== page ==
Homemade Mayonnaise (Aioli)
So what’s the difference between mayonnaise and aioli? I mean, really, is there a difference? They’re both delicious, creamy, spreadable, and make the perfect dips. Come on, if it looks like a duck, sounds like a duck…
Well, yes, actually there is a difference. It’s a fine distinction, but there is one.
Mayonnaise is an emulsion made of a neutral tasting vegetable oil, eggs, and vinegar. Sometimes mustard or powered mustard is added and most always salt.
Aioli, on the other hand, originated from the southern plains of Provence, France. It starts with grinding fresh garlic with a mortar and pestle into a thick paste, then that is whisked into the yolks, lemon juice, salt, mustard and sometimes herbs. Aioli uses olive oil instead of the vegetable oil and that gives the creamy emulsion a rich undertone.
Give your favorite herbs a fine chop.
Dip your Papa Frites in that and it’s all over. Homemade mayonnaise elevates anything it’s added to: chicken salad, egg salad, any sandwich, you name it. Oh man, is there anything better than a garden picked tomato sandwich with homemade mayonnaise??? I submit, there is not!
Oh baby, you had me at aioli.
Next week’s post: Keto Hot Cocoa & Homemade Marshmallows
Homemade Mayonnaise Recipe (AIOLI)
Aioli is a great dip for home fries (Papa Frites), wonderful for sandwiches, chicken salad, or anywhere used normally use mayo. Uh... 'cause that's what it is. 🙂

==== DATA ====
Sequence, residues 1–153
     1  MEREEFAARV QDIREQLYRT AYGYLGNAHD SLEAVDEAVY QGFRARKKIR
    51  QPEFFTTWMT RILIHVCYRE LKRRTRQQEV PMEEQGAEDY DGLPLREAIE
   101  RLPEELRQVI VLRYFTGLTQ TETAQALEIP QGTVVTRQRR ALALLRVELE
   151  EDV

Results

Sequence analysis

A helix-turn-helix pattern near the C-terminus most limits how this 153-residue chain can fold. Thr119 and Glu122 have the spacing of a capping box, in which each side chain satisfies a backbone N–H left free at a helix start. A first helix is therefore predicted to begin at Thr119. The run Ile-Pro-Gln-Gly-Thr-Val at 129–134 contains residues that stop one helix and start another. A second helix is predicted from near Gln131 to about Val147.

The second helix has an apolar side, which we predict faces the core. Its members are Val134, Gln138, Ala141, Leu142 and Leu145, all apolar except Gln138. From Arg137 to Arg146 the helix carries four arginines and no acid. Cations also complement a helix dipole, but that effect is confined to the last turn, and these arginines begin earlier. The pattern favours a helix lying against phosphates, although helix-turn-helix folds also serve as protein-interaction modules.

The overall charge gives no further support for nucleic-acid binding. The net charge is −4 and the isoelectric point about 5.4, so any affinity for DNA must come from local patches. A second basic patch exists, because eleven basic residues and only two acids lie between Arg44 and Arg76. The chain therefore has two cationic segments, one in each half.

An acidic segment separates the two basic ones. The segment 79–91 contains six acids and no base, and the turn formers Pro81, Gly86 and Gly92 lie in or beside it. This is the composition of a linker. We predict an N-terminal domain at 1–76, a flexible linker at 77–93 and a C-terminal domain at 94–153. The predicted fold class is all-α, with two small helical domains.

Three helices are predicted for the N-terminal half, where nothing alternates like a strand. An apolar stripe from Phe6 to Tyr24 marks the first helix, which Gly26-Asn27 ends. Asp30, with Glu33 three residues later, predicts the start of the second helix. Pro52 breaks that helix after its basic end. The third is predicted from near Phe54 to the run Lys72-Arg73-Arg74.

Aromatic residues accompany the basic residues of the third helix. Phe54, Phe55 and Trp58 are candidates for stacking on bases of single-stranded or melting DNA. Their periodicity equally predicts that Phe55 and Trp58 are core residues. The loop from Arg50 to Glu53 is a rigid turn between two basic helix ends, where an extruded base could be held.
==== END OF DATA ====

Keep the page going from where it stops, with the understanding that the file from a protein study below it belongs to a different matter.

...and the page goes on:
- 2 egg yolks*
- 1 1/2 teaspoons fresh lemon juice
- 1 teaspoon white wine vinegar
- 1/2 teaspoon kosher salt , plus more to taste
- 1/2 teaspoon dijon mustard
- 3/4 cup extra light olive oil
- measuring cups and spoons
- bowl & whisk, blender, or mini food processor
- Place the first 5 ingredients into your bowl, blender, or mini cuisine art. If using a bowl and whisk, vigorously whisk the ingredients together for approximately 45 seconds. The mixture should be well blended and bright yellow.
- Slowly add the oil in drop by drop while constantly whisking. Do this for a 1/4 cup. This takes about 4 minutes if doing it by hand. In a blender or cuisine art, about 1 minute, but you won’t get near the forearm and biceps workout.
- Gradually add in the rest of the oil in a slow stream. Again, if doing this with a bowl and whisk, it will take close to 8 minutes until it is thick and creamy. If using either of the other two devises, 3 or 4 minutes. It will be lighter in color. Cover and chill. You can make this up to 2 days ahead. Keep it chilled.
*Raw eggs are not recommended for infants, elderly, pregnant women, or people with weakened immune systems. To avoid risk of salmonella use pasteurized egg yolk instead.
Herb mayonnaise – chop up fresh herbs and stir them in last. Try thyme, rosemary, and oregano either individually or all together. Basil is very good especially on a ripe tomato sandwich.
Roasted garlic aioli – mash roasted garlic and blend it into the mayonnaise.
Garlic aioli – finely mince 1 or 2 cloves of garlic and give it a good final blitz in the blender or food processor. Or for a more authentic provincial French take on it, mash the garlic with a mortar and pestle, add that to your egg yolks and lemon then whisk in your olive oil.
Excellent with home fries!
1 serving = 1 tablespoon